With much of the country under stay-at-home orders or similar directives, the number of workers who are working remotely has seen rapid growth. A recent poll by Gallup has shown that the percentage of U.S. workers who have worked remotely has increased from 31% to 62% in just over a two-week period. The same poll shows that 59% of those who are currently working from home would like to continue to do so when the pandemic is behind us. Work-from-home options can also present an opportunity for Nebraska’s rural communities by attracting higher-wage workers to those communities that would have previously been working in an office in a metropolitan area.
Although remote work is on the increase and rural communities could attract higher-wage residents who are now working remotely, there is one obstacle that must be overcome: rural broadband access. Remote work often requires a fast, reliable internet connection. To successfully work remotely, a worker needs to be able to seamlessly participate in video conference calls, download data and work on a remote desktop among other things.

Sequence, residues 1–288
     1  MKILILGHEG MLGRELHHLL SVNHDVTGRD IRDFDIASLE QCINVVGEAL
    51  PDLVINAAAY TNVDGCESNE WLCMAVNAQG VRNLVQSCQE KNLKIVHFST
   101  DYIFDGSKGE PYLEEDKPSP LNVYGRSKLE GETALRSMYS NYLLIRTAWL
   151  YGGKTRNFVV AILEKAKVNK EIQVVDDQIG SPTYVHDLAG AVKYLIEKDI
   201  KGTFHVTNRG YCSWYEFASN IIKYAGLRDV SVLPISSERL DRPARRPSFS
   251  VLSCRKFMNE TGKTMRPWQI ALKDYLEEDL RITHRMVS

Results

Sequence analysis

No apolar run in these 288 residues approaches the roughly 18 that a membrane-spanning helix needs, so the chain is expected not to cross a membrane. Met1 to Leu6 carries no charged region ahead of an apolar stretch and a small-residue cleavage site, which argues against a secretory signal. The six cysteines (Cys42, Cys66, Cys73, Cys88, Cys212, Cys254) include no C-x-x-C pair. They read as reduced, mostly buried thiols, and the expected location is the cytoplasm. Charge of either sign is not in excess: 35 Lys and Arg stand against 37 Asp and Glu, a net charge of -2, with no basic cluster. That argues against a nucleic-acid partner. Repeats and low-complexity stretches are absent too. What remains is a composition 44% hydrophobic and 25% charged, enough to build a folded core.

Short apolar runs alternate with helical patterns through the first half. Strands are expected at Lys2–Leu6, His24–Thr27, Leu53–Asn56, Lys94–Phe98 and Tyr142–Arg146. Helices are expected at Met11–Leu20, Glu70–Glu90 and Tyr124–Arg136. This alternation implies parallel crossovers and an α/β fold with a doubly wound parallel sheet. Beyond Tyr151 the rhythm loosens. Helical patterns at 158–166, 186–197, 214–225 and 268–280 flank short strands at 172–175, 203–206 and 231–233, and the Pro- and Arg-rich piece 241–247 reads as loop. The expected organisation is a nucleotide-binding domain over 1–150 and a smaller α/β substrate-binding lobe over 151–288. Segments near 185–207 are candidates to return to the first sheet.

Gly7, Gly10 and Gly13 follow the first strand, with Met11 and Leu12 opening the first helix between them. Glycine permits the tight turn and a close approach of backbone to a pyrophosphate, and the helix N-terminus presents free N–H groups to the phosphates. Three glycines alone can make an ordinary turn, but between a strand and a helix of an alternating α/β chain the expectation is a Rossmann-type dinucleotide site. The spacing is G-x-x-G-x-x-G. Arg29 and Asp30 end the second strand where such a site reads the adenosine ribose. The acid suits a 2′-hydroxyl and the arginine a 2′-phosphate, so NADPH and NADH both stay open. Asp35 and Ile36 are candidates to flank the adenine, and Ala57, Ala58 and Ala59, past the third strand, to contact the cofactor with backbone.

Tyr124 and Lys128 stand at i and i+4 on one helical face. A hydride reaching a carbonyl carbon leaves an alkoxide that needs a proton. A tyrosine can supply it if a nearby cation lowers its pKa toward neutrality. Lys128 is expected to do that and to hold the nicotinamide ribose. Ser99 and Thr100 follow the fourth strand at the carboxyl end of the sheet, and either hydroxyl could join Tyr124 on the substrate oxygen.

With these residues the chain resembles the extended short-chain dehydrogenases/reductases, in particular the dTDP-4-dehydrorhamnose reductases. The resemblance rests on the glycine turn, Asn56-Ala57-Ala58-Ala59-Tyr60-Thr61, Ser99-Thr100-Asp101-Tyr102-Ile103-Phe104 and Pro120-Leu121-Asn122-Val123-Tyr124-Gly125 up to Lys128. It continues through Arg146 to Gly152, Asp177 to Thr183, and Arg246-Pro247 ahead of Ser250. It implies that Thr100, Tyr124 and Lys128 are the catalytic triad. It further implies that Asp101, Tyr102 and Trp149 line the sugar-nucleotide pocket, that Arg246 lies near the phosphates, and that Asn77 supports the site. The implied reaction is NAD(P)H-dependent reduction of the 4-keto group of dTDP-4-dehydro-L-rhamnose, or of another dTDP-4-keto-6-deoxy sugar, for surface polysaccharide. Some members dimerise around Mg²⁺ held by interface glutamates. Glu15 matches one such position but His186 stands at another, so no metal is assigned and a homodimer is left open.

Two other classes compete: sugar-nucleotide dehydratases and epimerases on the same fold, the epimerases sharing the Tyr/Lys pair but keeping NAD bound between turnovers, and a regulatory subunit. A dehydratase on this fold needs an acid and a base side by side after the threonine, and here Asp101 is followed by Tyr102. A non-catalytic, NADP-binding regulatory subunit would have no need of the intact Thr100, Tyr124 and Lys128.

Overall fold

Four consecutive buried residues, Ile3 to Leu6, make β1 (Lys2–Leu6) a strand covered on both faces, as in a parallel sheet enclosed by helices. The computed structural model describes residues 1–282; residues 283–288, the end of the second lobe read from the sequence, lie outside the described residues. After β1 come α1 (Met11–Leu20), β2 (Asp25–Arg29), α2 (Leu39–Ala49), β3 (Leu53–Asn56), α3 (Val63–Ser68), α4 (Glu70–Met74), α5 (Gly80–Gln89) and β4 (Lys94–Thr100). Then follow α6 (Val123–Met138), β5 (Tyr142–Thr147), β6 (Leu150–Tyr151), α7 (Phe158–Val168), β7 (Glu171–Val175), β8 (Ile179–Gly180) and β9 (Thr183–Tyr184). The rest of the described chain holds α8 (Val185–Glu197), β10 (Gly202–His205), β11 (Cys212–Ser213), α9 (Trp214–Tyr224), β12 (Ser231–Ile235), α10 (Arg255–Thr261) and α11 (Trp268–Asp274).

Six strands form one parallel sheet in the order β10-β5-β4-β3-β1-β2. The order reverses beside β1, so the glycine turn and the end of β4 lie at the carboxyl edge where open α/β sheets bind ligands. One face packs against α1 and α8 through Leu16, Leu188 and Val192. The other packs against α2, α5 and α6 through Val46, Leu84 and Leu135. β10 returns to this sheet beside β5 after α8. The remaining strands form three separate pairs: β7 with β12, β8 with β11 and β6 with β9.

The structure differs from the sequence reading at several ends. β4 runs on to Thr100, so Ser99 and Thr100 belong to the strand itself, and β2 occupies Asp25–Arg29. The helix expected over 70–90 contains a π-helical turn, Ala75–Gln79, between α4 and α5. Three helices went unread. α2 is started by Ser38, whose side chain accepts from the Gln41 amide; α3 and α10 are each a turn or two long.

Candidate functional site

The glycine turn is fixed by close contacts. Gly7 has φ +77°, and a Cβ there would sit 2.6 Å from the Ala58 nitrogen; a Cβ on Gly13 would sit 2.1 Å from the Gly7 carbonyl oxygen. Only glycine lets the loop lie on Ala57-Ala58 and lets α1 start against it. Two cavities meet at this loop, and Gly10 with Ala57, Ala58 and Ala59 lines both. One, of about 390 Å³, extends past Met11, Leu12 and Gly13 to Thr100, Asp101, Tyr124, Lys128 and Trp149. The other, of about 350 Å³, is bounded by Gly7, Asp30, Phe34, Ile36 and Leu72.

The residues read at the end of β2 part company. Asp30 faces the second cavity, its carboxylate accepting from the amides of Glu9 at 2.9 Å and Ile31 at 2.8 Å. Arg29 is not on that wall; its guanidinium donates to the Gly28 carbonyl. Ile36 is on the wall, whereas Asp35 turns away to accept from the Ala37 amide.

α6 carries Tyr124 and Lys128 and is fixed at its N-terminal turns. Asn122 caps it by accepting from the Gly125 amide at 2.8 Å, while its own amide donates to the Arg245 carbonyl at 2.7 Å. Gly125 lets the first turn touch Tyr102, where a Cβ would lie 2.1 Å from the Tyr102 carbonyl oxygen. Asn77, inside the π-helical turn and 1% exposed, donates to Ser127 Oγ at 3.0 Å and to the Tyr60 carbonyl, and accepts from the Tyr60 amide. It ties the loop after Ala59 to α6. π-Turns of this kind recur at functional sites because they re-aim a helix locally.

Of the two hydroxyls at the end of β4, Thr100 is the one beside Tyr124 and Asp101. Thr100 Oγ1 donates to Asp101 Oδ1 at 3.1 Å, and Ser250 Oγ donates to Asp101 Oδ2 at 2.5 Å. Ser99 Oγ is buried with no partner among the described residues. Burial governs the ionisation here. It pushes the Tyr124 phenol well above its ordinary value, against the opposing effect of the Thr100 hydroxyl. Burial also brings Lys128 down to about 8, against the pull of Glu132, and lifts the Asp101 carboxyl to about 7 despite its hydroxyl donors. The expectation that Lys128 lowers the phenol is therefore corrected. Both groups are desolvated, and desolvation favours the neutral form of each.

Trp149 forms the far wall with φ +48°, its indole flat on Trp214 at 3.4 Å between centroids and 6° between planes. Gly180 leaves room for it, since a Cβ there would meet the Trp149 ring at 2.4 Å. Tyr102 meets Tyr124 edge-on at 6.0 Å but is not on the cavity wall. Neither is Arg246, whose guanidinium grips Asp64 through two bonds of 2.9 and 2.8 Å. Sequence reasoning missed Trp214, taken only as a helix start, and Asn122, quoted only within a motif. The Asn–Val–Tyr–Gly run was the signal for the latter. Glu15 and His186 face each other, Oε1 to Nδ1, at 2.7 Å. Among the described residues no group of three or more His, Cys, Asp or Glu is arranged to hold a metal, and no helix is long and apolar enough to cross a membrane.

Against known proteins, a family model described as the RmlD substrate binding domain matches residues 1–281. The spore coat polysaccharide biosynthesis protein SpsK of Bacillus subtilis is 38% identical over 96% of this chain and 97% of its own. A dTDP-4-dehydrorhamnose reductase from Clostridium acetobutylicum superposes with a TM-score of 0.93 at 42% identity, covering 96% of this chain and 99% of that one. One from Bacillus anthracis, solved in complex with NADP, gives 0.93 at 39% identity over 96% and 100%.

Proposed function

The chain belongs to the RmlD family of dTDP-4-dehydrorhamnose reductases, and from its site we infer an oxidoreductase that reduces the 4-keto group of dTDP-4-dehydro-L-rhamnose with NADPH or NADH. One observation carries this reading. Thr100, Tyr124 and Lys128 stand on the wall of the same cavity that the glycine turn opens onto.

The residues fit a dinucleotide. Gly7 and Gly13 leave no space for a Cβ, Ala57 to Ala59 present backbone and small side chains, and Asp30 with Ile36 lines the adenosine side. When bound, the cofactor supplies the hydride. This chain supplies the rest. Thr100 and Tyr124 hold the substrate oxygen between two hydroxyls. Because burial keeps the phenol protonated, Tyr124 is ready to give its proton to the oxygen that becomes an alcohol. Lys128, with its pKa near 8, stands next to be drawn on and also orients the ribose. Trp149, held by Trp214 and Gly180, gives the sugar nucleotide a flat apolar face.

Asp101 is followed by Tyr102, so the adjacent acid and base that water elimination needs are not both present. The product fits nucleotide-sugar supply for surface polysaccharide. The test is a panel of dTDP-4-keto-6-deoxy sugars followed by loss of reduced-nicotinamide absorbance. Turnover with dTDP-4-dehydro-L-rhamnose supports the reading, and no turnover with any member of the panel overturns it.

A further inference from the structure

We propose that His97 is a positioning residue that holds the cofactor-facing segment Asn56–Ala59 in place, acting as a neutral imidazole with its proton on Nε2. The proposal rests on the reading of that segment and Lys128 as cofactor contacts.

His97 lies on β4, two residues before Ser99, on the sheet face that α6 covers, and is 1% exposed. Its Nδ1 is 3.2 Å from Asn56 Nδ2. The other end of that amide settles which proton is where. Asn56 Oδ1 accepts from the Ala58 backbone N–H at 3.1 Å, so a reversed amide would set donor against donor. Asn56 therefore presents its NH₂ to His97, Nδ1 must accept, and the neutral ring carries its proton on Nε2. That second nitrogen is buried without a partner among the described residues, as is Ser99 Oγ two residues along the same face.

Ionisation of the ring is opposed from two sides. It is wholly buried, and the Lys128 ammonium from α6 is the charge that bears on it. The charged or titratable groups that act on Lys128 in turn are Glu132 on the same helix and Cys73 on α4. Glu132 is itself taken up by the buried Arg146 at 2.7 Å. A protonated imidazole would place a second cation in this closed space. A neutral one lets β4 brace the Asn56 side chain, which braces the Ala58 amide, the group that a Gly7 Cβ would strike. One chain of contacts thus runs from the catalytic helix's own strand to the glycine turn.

How does rural Nebraska stack up? The map below shows the percentage of the population with broadband access in each Nebraska county. Broadband access is defined as a minimum of 25 Mbps download and 3 Mbps upload. Much of southern Nebraska does see a significant portion of the population with adequate broadband access to support remote work. The Northern half of the state doesn’t fare as well, with less than half of the population in many of those counties having sufficient broadband access. One caveat that should be noted with this data though, is that although there are large swaths of the state that appear not to have insufficient broadband access, the percentage of residents within many of those counties without high-speed access is not zero. In other words, even in band available.